- New project aims to speed up process of finding treatments for chronic obstructive pulmonary disease (COPD), asthma and pulmonary fibrosis
- Scientists at the University of Leicester, University of Nottingham and University of Cambridge, will connect data science, genomics and laboratory research for the first time in tackling lung conditions
- New genetic markers of lung function to be identified, which will provide new targets for drug development
- Chronic respiratory disease, such as COPD, is the third leading cause of death globally
Patients with moderate-to-severe chronic obstructive pulmonary disease (COPD) and a history of frequent ‘attacks’ who were given a medicine called astegolimab reported an increase in health-related quality of life compared to those on a placebo, according to findings from a study published in the Lancet Respiratory Medicine.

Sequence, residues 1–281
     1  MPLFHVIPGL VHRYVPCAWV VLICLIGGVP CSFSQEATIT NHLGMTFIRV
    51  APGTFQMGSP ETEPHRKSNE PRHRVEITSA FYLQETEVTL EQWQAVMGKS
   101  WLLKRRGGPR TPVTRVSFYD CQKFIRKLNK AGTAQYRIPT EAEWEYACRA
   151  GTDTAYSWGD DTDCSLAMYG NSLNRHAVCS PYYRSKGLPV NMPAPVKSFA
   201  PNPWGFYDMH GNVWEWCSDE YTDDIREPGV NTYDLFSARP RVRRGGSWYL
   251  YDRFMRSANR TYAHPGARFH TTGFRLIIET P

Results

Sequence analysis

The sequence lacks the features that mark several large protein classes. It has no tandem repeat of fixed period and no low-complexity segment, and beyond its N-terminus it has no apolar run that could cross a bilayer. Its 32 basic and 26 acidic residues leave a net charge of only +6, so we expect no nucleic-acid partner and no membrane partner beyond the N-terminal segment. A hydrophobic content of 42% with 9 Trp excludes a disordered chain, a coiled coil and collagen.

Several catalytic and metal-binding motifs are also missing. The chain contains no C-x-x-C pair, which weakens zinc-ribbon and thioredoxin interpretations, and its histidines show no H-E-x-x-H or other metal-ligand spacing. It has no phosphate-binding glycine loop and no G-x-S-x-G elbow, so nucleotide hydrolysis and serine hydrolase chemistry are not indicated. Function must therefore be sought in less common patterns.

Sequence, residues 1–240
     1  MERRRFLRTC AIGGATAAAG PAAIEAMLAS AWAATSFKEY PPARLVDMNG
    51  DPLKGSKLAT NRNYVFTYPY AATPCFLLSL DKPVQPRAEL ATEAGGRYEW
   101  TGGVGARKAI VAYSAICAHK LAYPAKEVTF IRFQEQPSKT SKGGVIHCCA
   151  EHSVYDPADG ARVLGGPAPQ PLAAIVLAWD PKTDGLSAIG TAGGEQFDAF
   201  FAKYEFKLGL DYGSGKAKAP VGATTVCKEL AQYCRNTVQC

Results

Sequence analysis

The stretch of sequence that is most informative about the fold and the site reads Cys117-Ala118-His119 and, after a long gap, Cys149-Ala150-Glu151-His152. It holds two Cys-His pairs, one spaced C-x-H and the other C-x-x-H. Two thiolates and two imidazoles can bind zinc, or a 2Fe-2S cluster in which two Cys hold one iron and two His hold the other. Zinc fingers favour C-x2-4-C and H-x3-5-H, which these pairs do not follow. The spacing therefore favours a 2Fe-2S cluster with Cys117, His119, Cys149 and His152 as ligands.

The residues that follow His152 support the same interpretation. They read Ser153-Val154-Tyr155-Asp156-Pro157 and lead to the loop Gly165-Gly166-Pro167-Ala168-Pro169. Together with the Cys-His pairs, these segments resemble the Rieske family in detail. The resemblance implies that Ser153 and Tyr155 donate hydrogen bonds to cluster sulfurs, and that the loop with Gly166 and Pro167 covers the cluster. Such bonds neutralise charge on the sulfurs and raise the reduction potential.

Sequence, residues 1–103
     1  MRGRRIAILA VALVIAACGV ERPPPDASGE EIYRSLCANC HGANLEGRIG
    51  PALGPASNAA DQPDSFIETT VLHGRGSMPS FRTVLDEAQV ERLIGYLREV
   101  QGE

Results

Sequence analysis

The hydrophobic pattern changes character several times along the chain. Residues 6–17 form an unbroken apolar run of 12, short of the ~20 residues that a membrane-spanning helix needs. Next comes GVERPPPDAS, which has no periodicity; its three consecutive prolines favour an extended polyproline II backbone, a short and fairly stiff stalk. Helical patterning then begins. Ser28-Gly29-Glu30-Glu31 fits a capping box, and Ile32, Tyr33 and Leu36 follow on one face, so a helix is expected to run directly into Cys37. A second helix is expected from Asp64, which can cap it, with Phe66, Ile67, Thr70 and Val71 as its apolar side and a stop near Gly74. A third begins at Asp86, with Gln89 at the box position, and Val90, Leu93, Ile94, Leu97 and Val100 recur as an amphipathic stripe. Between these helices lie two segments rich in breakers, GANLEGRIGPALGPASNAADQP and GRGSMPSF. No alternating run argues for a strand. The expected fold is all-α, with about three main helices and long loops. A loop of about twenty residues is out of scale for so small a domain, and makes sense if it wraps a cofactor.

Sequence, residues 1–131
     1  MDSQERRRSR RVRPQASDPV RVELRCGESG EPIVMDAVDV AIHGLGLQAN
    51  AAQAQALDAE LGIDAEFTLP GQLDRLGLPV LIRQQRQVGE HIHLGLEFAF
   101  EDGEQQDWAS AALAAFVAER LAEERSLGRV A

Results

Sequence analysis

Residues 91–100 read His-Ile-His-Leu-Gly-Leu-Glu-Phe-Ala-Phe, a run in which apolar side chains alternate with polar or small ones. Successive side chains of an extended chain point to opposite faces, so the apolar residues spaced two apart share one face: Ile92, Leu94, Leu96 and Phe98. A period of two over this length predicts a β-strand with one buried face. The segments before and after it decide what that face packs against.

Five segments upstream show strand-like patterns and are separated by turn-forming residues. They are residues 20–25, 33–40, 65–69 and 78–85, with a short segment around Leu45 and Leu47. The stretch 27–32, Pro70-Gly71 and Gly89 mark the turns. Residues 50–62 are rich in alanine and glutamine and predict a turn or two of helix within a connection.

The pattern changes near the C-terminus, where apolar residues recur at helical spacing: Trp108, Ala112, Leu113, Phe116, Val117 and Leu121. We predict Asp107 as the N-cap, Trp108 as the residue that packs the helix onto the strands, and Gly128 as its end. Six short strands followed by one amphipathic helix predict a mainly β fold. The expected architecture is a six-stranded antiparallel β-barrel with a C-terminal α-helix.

More than 1 in 10 people worldwide have chronic obstructive pulmonary disease (COPD) and many more remain undiagnosed. Most people with COPD live in low- and middle-income countries (LMICs). One of the best ways to help people manage the symptoms and consequences of their COPD is Pulmonary Rehabilitation.Read More
Researchers at the National Institute for Health Research (NIHR) Leicester Biomedical Research Centre (BRC) – a partnership between the University of Leicester, Leicester’s Hospitals and Loughborough University – have found that a widely used 8 point questionnaire for COPD and other respiratory conditions may be a useful tool for assessing people’s health during COVID-19 recovery.Read More
An international team of scientists, led by the Universities of Leicester and Glasgow, has announced findings that could pave the way to a new treatment for asthma and chronic obstructive pulmonary disease (COPD).Read More